underwater, a mermaid holds up a fork to a fish and a bird
Credit: Walt Disney Studios

The story goes that 1989’s The Little Mermaid saved Disney Animation from near demise and kicked off an era known as the Disney Renaissance, producing movies that are now considered House of Mouse classics, from Beauty and the Beast to The Lion King. Rob Marshall’s live-action adaptation attempts to do the same for the live-action Disney era that has divided audiences and critics with some hits and some misses. The 2023 retelling faced almost immediate backlash in the casting of Black American actress Halle Bailey as Ariel, our titular mermaid who has pale skin in the original but is still, for all intents and purposes, literally a fish without a race. Nevertheless, the film’s director has continuously sung her praises, and Bailey truly shines in a movie that is otherwise drowning in familiarity. 

In the 15+ live-actions Disney has made, some opt to stray from the original plot of their predecessor, and it’s tough to know how audiences will react: 2020’s Mulan was received well by critics, but fans mourned the loss of Mushu, the hilarious dragon voiced by Eddie Murphy. The Little Mermaid remake follows the original almost beat for beat. There are a few new songs very obviously courtesy of Lin-Manuel Miranda. Prince Eric (played charmingly by relative newcomer Jonah Hauer-King) is rounded out with more backstory that’s implied in the original. And although the newly diverse casting is welcome (including Ariel’s multicultural mermaid sisters, whom we don’t see enough of), the movie doesn’t do much to modernize a story with an  implicit message that still involves a woman giving up her voice for a man.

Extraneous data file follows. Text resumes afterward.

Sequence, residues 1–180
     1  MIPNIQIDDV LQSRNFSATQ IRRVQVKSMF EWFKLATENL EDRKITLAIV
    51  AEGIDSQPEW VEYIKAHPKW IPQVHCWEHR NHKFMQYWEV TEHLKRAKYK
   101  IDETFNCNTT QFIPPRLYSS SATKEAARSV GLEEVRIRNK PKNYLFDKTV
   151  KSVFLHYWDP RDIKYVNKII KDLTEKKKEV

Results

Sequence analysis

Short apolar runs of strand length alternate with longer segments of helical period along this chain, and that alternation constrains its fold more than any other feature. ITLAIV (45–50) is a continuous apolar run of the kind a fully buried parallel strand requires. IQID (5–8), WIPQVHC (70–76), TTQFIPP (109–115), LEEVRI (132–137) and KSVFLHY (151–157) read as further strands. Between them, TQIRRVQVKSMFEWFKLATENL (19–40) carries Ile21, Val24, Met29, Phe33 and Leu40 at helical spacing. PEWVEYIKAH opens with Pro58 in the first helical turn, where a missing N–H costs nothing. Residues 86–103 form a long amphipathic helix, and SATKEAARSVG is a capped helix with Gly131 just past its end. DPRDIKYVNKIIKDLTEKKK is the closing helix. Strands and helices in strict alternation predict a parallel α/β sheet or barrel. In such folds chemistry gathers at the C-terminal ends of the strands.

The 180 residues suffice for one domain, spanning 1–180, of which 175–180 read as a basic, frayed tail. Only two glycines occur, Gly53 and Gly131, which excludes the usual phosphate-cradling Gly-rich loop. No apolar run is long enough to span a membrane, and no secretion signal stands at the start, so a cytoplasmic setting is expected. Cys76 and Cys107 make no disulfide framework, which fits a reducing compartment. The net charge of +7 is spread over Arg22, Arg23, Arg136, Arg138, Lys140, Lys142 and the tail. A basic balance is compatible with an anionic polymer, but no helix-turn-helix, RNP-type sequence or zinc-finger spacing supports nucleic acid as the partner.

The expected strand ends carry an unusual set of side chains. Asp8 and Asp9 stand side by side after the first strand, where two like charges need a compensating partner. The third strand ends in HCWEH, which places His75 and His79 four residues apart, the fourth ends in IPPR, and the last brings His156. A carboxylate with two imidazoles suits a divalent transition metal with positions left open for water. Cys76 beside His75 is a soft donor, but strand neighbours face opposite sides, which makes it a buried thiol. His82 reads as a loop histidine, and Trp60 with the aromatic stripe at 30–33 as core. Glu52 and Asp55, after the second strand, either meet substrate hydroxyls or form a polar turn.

And yet, it can’t be denied that the movie is fun from start to finish. Bailey, who rose to stardom as half of the duo Chloe x Halle, has a voice that was made for a Disney princess. Her range is incredible, soaring across high notes with an ethereal tone that sends chills down your spine in her rendition of “Part Of Your World.” And considering that she doesn’t speak for at least a third of the movie, Bailey’s acting remains engaged and expressive. The surrounding cast (Awkwafina as Scuttle, Daveed Diggs as Sebastian, Melissa McCarthy as Ursula) hold their own, though the uneven pacing gives them less to work with, and the Jamaican American woman next to me in the theater scoffed at Diggs’s attempt at a Caribbean accent. 

Overall, it’s a visually gorgeous film, buoyed by a strong ingenue in Bailey with enough laughs for the kids and the nostalgic adults—just don’t expect anything new. PG, 135 min.

Wide release in theaters